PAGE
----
Friday, September 5, 2008

The Power of God Writ in the Book of Nature; Frederick Edwin Church

Niagara Falls, 1857


Twilight in the Wilderness, 1860s

Frederick Edwin Church was arguably the first, and one of the greatest, artists of Manifest Destiny, the idea that God had destined the American wilderness for the American people.
Church was no non-conformist boho artist type. He was quite "mainstream" in his beliefs and fully shared in the growing conviction of the years just before and during the Civil War that it was the destiny of the United States to settle, civilize, and make fruitful the land God gave to the Union of the States.
Church was that peculiarly American combination of literal minded factual recorder and religious visionary. One of his great heroes was the German naturalist Alexander Von Humboldt whose famous expeditions and exhaustive cataloguing of natural phenomena lead him to the reassuring conclusion that they revealed the hand of the Creator. The worst loss for thoughtful Victorians was not that Darwin and Wallace contradicted the creation stories in the Bible, but that they undid Humboldt's work, which had provided great consolation in the early years of the Industrial Revolution. Like Humboldt, Church takes a microscope to the facts and finds God.
The painting of Niagara Falls above was one of Church's first great public successes, and remains arguably the finest painting of the Falls. The Falls had been known since the 17th century and had already been a common subject for artists for a century. Church's painting is a little misleading. There is a total absence of people and settlement in the painting. In fact, the area around the Falls had already been densely settled for some time, and was already a famous tourist destination. Otherwise, no one painted the Falls with such close attention than Church. Perhaps no other artist captured every bit of foam and wave without resort to impression; quite an accomplishment considering this is a vast amount of moving water.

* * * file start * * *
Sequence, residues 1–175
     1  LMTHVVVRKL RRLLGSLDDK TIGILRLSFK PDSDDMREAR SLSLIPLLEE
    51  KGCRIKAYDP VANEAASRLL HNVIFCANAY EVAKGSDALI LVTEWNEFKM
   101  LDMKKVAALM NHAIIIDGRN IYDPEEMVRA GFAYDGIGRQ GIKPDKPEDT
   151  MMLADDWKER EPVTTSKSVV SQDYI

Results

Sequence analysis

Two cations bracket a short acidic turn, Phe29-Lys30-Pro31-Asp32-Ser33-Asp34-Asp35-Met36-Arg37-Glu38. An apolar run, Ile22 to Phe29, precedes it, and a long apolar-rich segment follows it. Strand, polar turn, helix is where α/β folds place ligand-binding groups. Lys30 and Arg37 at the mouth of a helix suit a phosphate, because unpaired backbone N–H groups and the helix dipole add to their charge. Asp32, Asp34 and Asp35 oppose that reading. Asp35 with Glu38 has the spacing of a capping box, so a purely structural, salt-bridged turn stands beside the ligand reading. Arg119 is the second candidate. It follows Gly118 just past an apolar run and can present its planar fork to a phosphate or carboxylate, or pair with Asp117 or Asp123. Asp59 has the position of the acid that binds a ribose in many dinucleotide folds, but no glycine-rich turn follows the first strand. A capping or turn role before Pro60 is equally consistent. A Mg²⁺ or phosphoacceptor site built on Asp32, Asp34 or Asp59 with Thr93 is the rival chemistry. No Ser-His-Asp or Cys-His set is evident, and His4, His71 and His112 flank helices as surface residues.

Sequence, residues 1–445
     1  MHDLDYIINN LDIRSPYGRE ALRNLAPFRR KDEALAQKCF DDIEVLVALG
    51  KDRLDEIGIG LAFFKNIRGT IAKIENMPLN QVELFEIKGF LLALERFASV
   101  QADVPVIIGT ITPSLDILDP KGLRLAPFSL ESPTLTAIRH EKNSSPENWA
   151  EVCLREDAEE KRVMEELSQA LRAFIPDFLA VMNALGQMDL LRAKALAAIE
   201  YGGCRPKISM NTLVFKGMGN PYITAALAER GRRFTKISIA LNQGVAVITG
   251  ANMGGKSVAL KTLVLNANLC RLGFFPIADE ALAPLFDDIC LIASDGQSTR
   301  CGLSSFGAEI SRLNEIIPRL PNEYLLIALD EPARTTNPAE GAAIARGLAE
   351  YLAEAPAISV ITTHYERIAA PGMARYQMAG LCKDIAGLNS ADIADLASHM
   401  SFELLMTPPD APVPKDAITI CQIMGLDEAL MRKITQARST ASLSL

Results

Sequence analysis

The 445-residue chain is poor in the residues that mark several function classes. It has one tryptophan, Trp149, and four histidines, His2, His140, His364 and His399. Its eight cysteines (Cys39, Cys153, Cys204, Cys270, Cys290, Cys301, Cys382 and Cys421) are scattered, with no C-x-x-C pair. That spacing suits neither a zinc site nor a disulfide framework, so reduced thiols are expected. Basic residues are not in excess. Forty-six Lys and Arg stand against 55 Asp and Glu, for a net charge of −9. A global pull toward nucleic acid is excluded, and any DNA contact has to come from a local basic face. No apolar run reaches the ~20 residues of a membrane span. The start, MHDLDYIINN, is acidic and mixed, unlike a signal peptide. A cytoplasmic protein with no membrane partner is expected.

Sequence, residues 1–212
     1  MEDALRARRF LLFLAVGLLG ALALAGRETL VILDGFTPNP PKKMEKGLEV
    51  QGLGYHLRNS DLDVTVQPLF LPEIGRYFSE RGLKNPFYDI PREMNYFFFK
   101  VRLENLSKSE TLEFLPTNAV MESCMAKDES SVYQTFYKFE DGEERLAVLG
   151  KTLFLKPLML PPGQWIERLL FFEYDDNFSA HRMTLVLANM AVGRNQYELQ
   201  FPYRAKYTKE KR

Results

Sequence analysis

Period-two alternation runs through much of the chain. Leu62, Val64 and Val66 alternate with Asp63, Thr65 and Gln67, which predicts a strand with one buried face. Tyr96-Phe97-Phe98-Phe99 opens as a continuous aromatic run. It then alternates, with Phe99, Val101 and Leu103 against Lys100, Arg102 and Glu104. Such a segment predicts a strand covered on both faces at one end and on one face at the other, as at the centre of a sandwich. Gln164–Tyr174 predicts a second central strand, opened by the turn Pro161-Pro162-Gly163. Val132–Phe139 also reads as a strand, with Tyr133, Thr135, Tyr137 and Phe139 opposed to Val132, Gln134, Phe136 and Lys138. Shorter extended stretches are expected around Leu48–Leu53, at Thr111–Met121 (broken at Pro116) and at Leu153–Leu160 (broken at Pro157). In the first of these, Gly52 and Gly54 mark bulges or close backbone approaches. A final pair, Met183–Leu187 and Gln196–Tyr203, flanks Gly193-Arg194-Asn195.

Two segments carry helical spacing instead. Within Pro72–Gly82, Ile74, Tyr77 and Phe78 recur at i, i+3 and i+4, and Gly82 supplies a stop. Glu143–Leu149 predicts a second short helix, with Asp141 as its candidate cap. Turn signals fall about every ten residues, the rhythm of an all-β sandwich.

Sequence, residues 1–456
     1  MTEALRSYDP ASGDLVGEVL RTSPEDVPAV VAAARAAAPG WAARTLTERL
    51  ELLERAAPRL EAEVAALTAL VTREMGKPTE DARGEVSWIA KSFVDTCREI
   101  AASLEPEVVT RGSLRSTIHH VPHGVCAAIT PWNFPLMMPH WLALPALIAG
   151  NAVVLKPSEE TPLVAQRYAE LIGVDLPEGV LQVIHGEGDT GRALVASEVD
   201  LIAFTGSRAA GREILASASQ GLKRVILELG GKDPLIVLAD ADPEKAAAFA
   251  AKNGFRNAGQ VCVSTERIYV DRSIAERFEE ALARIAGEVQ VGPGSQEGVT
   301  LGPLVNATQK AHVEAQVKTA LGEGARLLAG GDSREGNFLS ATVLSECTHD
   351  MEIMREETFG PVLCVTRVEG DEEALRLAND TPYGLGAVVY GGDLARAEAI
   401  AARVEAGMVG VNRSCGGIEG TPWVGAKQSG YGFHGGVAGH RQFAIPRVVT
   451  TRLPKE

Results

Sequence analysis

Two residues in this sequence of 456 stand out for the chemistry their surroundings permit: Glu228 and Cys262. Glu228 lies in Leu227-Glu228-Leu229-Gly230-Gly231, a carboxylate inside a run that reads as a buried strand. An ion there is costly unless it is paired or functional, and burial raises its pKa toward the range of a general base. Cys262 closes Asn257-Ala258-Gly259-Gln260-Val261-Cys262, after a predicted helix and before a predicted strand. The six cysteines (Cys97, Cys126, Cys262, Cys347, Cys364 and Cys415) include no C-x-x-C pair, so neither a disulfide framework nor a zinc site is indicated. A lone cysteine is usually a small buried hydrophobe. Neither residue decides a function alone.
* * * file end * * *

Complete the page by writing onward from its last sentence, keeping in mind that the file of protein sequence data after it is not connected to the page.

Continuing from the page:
For a pious public steeped in the Bible, the rainbow rising out of the foam would be an immediate clue that Church was out to do much more than record the facts. Church's painting of the Falls was intended to call to mind the Great Flood of Noah described in the Bible. A demonstration of natural power reminds us of God's power.

Twilight in the Wilderness was painted sometime in the midst of the Civil War. Like the painting of Niagara Falls, it is a very factual painting that points to something much more than the facts. It is one of the most dramatic sunsets painted since Turner, and the most elaborate that Church ever painted. The vermillion in the clouds certainly is an accurate record of actual sunsets, but it is made to suggest something much more. The painting has a certain dread and melancholy about it, especially around the edges. The art that came out of the Civil War is always oblique in its references to the suffering of the war, but no less powerful for being indirect. In the center, the warm glowing light of the setting sun beckons us westward beyond the blood red clouds and the empty melancholy wilderness.

In case we still don't get it, here's a very unsubtle sunset by Church. Colored lithograph copies of this picture were distributed to Union troops during the war.


Our Banner in the Sky, 1860s

2 comments:

Jeremy Deveraturda said...

Excellent post. Love the Hudson River School, Church included along with the voluminous forms of Bierstadt and Thomas Moran(who to me, is like an American version of Turner)

David G. said...

The painting Twilight in the Wilderness looks like a photo, it's so precise. It's hard to tell it's a painting.

I tend to like art like that. It's like a window into life.